How fitting that our sacristan Brother Hildebrand should have set out this magnificent Beuronese chasuble with its medallion of the Good Shepherd for today’s Mass. The chasuble depicts Saint Benedict as the Good Shepherd, and rightly so, because Saint Benedict says in Chapter II of the Holy Rule that, “the abbot is believed to hold the place of Christ in the monastery”; and in Chapter XXVII, he says of the abbot: “Let him imitate the loving example of the Good Shepherd, who, leaving the ninety and nine sheep on the mountains, went to seek one which had gone astray, on whose weakness He had such compassion that He vouchsafed to lay it on His own sacred shoulders and so bring it back to the flock”.

There is no place on earth where the Good Shepherd will not go in search of even of one sheep, be that sheep lost in the mists of the moors, or lying injured into a ravine, or surrounded by wolves, or weakened by exhaustion and thirst. The earth is full of the mercy of the Lord.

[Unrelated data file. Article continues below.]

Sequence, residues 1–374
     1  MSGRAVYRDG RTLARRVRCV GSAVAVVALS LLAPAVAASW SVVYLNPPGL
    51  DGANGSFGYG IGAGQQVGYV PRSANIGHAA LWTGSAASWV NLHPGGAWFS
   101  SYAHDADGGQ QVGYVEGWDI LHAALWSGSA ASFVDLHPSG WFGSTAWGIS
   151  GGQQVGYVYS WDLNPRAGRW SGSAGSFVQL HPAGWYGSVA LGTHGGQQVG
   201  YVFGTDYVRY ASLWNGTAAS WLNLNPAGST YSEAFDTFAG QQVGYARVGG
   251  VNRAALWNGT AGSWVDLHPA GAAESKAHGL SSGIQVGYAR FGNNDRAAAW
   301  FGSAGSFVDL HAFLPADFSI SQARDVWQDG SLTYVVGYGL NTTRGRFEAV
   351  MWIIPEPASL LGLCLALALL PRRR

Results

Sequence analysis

When a small child is lost in an airport, a market, or another busy place, he remembers what his father told him, “If you ever you are lost, stay in one place and there wait until you are found”. It is, in effect, easier to find the child who stands waiting to be found than the child who wanders frantically in every direction trying to find the one in search of him. So it is with all of us, and first of all, with us monks who, by virtue of the vow of stability, are bound to stay in one place. The monk is a man who comes to the monastery and stays there, confident that there the Lord for whom he waits will find him.